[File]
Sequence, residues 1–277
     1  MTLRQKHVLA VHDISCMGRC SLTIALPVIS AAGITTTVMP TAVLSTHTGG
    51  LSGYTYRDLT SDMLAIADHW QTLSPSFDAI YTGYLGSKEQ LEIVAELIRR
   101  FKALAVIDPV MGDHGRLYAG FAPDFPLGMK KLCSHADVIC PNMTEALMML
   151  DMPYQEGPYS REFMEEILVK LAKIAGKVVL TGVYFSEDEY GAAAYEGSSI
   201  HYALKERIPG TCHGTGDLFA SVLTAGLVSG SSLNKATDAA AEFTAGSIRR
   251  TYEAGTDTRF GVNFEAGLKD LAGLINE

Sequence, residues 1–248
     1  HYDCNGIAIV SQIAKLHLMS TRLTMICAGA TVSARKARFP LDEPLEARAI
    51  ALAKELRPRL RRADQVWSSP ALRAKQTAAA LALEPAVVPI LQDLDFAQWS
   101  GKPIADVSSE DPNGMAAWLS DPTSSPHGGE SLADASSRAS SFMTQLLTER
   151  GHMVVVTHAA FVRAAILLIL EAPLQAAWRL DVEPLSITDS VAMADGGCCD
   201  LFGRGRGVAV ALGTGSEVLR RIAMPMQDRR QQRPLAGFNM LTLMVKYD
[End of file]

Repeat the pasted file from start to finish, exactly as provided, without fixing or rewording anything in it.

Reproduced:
Sequence, residues 1–277
     1  MTLRQKHVLA VHDISCMGRC SLTIALPVIS AAGITTTVMP TAVLSTHTGG
    51  LSGYTYRDLT SDMLAIADHW QTLSPSFDAI YTGYLGSKEQ LEIVAELIRR
   101  FKALAVIDPV MGDHGRLYAG FAPDFPLGMK KLCSHADVIC PNMTEALMML
   151  DMPYQEGPYS REFMEEILVK LAKIAGKVVL TGVYFSEDEY GAAAYEGSSI
   201  HYALKERIPG TCHGTGDLFA SVLTAGLVSG SSLNKATDAA AEFTAGSIRR
   251  TYEAGTDTRF GVNFEAGLKD LAGLINE

Sequence, residues 1–248
     1  HYDCNGIAIV SQIAKLHLMS TRLTMICAGA TVSARKARFP LDEPLEARAI
    51  ALAKELRPRL RRADQVWSSP ALRAKQTAAA LALEPAVVPI LQDLDFAQWS
   101  GKPIADVSSE DPNGMAAWLS DPTSSPHGGE SLADASSRAS SFMTQLLTER
   151  GHMVVVTHAA FVRAAILLIL EAPLQAAWRL DVEPLSITDS VAMADGGCCD
   201  LFGRGRGVAV ALGTGSEVLR RIAMPMQDRR QQRPLAGFNM LTLMVKYD